How to learn

Published: Oct 21, 2015 by C.S. Rhymes

The field of web technology is constantly changing, so as a web developer a part of your skill set must be learning. Learning is great and gives you new skills and knowledge to help you get better at your job. But the longer you spend learning, the less money you are earning! This post will go through some other ideas of different ways of learning.



The most common way I find out about new things is by reading about them in blogs. They are a great way of giving you an overview of the purpose of it and how to get started. The issue with this is it only often skims the surface and doesn’t go into detail about installation or configuration.

I find it very rare that something works straight out of the box without customising the configuration for your needs. This then leads you to reading the documentation in detail. This may sound like a waste of time but it’s actually really useful in the long run as you often take in more than you think.

Many open source products are built on something else, so learning how the product extends what’s underneath gives you even more knowledge.

A site I would definitely recommend reading is A List Apart. This is a very high quality site with some great articles and columns about all aspects of web development, from CMS’s to Social Media to Web Design.

As an author I really enjoy reading but this is not everyone’s idea of fun. A more interactive option is videos.


If you want to learn anything then chances are there is a video about it on YouTube. People love to share their experiences and help others out. Videos are more interactive than reading and can increase your learning speed with real time examples.

It can sometimes be easier to follow videos, but the issue is that they move at their own speed, meaning that you might miss something important. Sometimes I find I have to pause and rewind video tutorials just to make sure I understood what it was saying.

As well as free videos, there are also some paid for video tutorials available online. One example of this is the excellent Laracasts, providing training for the Laravel php framework, as well as general training on programming best practice. Try asking for advice on social networks for which sites are worth subscribing to. Also check if they provide a month’s free trial so you can see what you are getting for your money.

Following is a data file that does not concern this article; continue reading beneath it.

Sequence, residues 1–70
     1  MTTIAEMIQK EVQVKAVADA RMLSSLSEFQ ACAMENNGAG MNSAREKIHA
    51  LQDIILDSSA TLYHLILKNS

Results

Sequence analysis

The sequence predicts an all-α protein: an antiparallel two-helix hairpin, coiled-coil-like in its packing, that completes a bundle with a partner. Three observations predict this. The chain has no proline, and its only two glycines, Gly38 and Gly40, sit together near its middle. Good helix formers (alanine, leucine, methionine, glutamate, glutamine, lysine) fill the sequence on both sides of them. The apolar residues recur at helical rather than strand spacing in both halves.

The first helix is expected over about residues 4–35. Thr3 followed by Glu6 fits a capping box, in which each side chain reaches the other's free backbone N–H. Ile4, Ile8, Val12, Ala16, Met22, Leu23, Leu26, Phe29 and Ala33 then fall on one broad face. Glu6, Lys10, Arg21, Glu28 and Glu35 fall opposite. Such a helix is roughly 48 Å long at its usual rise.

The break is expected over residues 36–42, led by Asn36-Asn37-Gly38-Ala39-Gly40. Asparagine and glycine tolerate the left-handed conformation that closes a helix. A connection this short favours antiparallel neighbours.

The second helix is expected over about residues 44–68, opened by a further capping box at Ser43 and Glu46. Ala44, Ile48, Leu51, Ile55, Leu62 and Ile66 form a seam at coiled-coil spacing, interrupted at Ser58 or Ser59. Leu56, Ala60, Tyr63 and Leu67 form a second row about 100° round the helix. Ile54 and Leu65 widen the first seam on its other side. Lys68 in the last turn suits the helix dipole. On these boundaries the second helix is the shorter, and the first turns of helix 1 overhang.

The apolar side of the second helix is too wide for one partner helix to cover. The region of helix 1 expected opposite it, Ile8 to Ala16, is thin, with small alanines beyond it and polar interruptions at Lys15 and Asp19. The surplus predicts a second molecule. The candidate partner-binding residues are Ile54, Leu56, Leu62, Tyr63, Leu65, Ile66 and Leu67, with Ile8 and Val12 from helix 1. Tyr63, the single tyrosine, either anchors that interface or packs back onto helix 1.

If you don’t have much time for reading or watching videos then why not try downloading and listening to podcasts on your way to work on the bus or in the car. There are so many available, just do a quick web search for it.

For example, there is a list of 18 web design podcasts on the creative bloq website, although some of them are a bit out of date now. Try and find one that is regularly updated and talks about current trends.

You can even listen whilst working. I find that you take in more than you think without concentrating on it too much. Personally I proffer to listen to music whilst coding as I find it helps me concentrate, but some people can do many things at once.

Learning whilst you work

Sometimes you don’t have a choice and have to learn as you go. This is sometimes a good way of learning as you are forced into the situation where you can do nothing but try and see how it goes. This may be the case if you are updating an existing website built using a framework you have never used before. You have no choice but to learn how it works, without rewriting the rest of the site.

This has its downsides though as it can put you under unnecessary pressure. It’s often best to try out something new when you have time, rather than when the clock is ticking.

If you do need to learn as you go then make sure you leave yourself enough time to do some research before you start getting too stuck in.


Another alternative is to go to a conference. A conference can be a costly day as it means that you are paying for the event and the travel as well as not working and getting paid. You can try and pick a conference local to you to lessen the travel time and expense, but also because there is the added benefit that you can do some networking and meet like minded developers.

I have been to a few conferences now and find them a great way of learning new things. There are often talks that you would not consider reading about online that can be surprisingly useful for a future project.

Some of the talks I have found useful are the talks that are not even technical, but are more about others sharing their experiences of being self employed or how they pushed themselves to progress their own career to the next level. You can often struggle to get as much inspiration from reading blogs and watching videos as seeing someone speak in person.

By the way, I would highly recommend going to Generate Conference (London) and re:develop (Bournemouth).


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